PowerEdge 2900 Hard Drive Upgrade

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PowerEdge 2900 Hard Drive Upgrade

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I'm basically trying to replace our failed Seagate 750 GB SATA drives and start over with 3 more cheap SATA drives off the shelf from a local vendor.  This server is basically used for test purposes in a VMWare ESXi environment, but would come into play as a very temporary backup server solution to our main 2950 which houses our Windows SBS 2008 application. 

My question is this: Can I use 2TB 7200 RPM SATA drives like a Seagate Barracuda or a Western Digital Green?  I want to continue running a RAID 5 configuration if that matters at all to the question.

Thanks in advance.

Verified Answer
  • Hello chrisatdl

    If you are using a PERC 6 then yes, a PERC 6 supports up to 2TB HDDs. I can't say for certain whether the drives you listed will function, but we have validated the PERC 6 to function with 2TB HDDs.

    There may be an issue with running the RAID 5 configuration. You will not be able to install the host OS on the RAID 5 volume because that volume will exceed the 2TB BIOS limitation. The 2900 system board does not have UEFI, and does not support booting to larger than 2TB arrays/HDDs. You can create very large data arrays, but the array you boot from needs to be 2TB or smaller. The easiest way to bypass this would be to install ESXi onto a thumb drive, and run it from there. You can then create a data array of whatever size you like. Refer to this document for more information on GPT and UEFI in ESXi:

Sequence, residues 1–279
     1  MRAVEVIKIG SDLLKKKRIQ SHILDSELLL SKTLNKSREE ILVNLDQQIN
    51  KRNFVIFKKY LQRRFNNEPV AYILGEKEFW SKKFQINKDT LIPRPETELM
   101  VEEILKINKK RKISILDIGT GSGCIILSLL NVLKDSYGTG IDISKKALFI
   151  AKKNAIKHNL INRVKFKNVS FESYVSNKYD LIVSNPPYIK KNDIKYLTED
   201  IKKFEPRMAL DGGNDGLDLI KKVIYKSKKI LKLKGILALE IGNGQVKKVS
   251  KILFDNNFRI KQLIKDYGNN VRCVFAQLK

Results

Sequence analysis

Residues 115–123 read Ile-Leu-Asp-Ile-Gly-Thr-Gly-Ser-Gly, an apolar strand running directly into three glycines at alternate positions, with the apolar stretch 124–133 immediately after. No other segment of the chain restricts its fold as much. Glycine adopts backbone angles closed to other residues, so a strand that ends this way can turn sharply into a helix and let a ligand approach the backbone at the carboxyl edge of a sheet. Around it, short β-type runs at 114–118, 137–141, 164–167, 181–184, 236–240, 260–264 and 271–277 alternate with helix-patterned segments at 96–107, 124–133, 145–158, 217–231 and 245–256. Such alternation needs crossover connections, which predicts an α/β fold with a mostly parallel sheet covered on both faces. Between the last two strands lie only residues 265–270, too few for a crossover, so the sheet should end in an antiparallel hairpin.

http://kb.vmware.com/selfservice/microsites/search.do?language=en_US&cmd=displayKC&externalId=2005099

    Thanks

    Daniel Mysinger

    Download the Dell Quick Resource Locator app today to access PowerEdge support content on your mobile device! (iOS, Android, Windows)

  • ChrisAtDL
    Would it then be possible to just create a smaller boot volume (<= 2TB) installed with ESXi and use the larger 2nd volume as my main storage?

    Absolutely, any way you want to set it up will work. The HDD/Volume/Array that the host OS is installed on needs to be less than 2TB so that it will be bootable.

    Daniel Mysinger

    Download the Dell Quick Resource Locator app today to access PowerEdge support content on your mobile device! (iOS, Android, Windows)

All Replies
  • Hello chrisatdl

    If you are using a PERC 6 then yes, a PERC 6 supports up to 2TB HDDs. I can't say for certain whether the drives you listed will function, but we have validated the PERC 6 to function with 2TB HDDs.

    There may be an issue with running the RAID 5 configuration. You will not be able to install the host OS on the RAID 5 volume because that volume will exceed the 2TB BIOS limitation. The 2900 system board does not have UEFI, and does not support booting to larger than 2TB arrays/HDDs. You can create very large data arrays, but the array you boot from needs to be 2TB or smaller. The easiest way to bypass this would be to install ESXi onto a thumb drive, and run it from there. You can then create a data array of whatever size you like. Refer to this document for more information on GPT and UEFI in ESXi: